“Tens of millions of fish emerge from Sacramento Valley gravels every year, born into a river system where they have little to eat and the altered environment stacks the cards against them,” says Jacob Katz, a California Trout biologist who is leading the Yolo Bypass restoration. 

That project could be completed this winter, he says, and will restore at least part of the river ecosystem to a state more hospitable to salmon.

But alone, it will not be enough, says Carson Jeffres, a biologist at UC Davis’s Center for Watershed Sciences.

“The Yolo Bypass really just represents the lower 20 percent of the river system,” says Jeffres, who is collaborating with Katz. Jeffres wants to see side channel habitat and floodplains reconnected to the Sacramento River along almost every mile of it as far upstream as Redding. That, Jeffres explains, would give young salmon a safe migration corridor taking them almost all the way to the sea.  

Salmon once were the most important marine food source along the West Coast of North America. The fish were like weeds, spilling from the ocean into nearly every waterway they could physically access. People caught and ate tens of millions of the fish each year, and still the fish returned. In the past 150 years, the fish have dwindled across much of their range. In California, Chinook salmon have disappeared — in large part because of the impacts of gold mining, dams and agricultural water diversions.

In the past two years, high river temperatures have been a major killer, destroying at least 95 percent of the young winter-run Chinook born in 2014 and 2015. The winter-run salmon are particularly vulnerable to adverse water conditions and climate change because the fish spawn in the summer — precisely when air temperatures in the Central Valley soar into the 90s and 100s for months on end. Historically, the fish laid their eggs in the icy year-round flows of mountain tributaries; now, the salmon rely on cold outflow from Shasta Dam — not a consistently dependable source.

“I honestly have low expectations for the winter-run salmon,” Jeffres says. He adds that the McCloud reintroduction plan could prove too labor intensive to be maintained in perpetuity.

But since the other genetically distinct runs of Chinook — and especially the fall- and late-fall runs — historically spawn as the rainy season begins and as temperatures fall, they are better candidates for surviving into a drier, warmer future.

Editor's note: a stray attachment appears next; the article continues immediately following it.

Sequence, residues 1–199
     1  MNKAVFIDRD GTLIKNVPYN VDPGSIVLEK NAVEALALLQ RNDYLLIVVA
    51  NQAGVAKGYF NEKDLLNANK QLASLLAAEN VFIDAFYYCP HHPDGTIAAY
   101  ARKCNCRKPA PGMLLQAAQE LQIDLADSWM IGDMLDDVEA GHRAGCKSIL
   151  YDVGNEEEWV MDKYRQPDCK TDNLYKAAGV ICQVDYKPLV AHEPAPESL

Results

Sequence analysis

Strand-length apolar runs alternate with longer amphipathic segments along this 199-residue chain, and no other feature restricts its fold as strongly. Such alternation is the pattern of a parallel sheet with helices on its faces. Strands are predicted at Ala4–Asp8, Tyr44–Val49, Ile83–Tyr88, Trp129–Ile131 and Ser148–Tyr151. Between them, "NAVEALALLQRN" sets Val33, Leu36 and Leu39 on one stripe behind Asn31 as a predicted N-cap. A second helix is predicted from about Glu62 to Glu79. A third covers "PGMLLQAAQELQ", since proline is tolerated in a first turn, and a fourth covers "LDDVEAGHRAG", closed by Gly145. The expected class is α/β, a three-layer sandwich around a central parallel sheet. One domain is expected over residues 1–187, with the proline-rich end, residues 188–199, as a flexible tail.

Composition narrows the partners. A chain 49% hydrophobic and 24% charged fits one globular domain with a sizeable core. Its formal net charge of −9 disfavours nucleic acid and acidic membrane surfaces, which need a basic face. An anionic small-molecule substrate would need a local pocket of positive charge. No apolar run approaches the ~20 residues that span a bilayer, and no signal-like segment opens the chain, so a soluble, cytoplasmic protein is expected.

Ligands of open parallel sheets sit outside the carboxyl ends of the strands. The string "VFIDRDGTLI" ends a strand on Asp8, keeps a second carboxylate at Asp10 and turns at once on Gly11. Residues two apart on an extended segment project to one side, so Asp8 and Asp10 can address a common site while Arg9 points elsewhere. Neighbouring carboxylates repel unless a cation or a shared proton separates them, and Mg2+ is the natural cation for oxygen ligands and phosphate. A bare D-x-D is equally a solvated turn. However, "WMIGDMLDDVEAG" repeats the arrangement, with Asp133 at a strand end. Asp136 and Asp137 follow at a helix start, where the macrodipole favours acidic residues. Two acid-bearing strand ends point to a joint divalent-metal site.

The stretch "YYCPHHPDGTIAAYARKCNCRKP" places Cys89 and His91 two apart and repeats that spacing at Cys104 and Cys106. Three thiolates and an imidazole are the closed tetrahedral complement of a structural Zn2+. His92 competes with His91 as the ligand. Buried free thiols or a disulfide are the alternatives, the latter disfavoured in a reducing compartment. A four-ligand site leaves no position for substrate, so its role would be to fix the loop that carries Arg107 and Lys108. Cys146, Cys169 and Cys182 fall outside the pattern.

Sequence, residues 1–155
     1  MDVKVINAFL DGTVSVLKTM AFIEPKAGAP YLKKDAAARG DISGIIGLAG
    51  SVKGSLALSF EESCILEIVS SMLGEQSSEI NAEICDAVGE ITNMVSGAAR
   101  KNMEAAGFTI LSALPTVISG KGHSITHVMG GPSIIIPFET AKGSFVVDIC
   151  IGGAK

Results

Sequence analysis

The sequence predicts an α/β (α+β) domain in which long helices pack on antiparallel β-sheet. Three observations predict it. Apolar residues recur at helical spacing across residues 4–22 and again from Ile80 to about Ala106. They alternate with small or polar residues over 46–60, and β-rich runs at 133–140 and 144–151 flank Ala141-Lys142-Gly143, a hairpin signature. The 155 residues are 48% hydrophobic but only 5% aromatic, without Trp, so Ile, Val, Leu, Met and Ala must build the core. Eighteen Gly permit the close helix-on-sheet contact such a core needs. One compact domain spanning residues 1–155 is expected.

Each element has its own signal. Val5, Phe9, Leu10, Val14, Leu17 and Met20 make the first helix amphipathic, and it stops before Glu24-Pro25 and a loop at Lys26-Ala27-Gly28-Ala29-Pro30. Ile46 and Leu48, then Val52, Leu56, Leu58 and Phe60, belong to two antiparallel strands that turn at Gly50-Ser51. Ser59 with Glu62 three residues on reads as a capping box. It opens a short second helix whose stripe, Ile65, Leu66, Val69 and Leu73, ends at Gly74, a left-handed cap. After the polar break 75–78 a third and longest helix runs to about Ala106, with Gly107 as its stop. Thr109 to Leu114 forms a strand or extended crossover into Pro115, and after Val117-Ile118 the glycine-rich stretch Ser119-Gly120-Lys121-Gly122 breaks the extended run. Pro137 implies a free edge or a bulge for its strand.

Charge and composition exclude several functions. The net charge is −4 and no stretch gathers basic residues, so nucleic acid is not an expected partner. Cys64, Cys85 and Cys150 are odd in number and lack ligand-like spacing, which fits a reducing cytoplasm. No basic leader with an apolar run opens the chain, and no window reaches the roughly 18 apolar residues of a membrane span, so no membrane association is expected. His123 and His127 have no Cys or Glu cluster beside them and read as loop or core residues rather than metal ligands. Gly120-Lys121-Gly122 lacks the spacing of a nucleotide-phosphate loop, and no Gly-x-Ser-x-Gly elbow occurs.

Jeffres and Katz both agree that spawning habitat is not the limiting factor currently impeding salmon recovery.

“The problem is that we have almost no survival in the river,” Jeffres says.

Katz says that “reconnecting floodplains and restoring side channels and other off-channel habitats will result in an immediate response in Central Valley salmon populations.”

He and Jeffres dream that the Central Valley river system, interrupted though it is by dams, may one day be capable again of supporting spawning runs of hundreds of thousands of these salmon – fish that carry out their life cycles unassisted by humans.

Lackey believes reintroduction and habitat enhancement projects, including floodplain restoration, will ultimately be overcome by the effects of climate change.

“We’re going back to 300 years of warm weather like we had in the Medieval Warm Period,” he said. This will shift the natural distribution of salmon northward, he says – and the salmon of California, since they live at the southern end of the species’ geographical range, will be first to go, he says.

U.C. Davis professor of fisheries Peter Moyle published an article in 2013 in the journal PLOS ONE in which he predicted that 82 percent of 121 native California fish species, including several strains of Chinook and Coho salmon, could be extinct by 2100.

Chuck Cappotto, a retired commercial salmon fisherman in coastal Sonoma County, believes in a happier future.

“I don’t think the die is cast yet,” he says. “I think there are things we can do if we had politicians who would stand up for the preservation of salmon.”

More water, Cappotto says, must be left in rivers — even if that means that developers and farmers make financial sacrifices.  

“The idea of losing salmon, of them becoming a museum item, is ludicrous,” he says. “They are so resilient. If you give salmon just half a chance, they will survive, and if we allow them to disappear because of development or lack of action, we should be ashamed of ourselves as human beings.”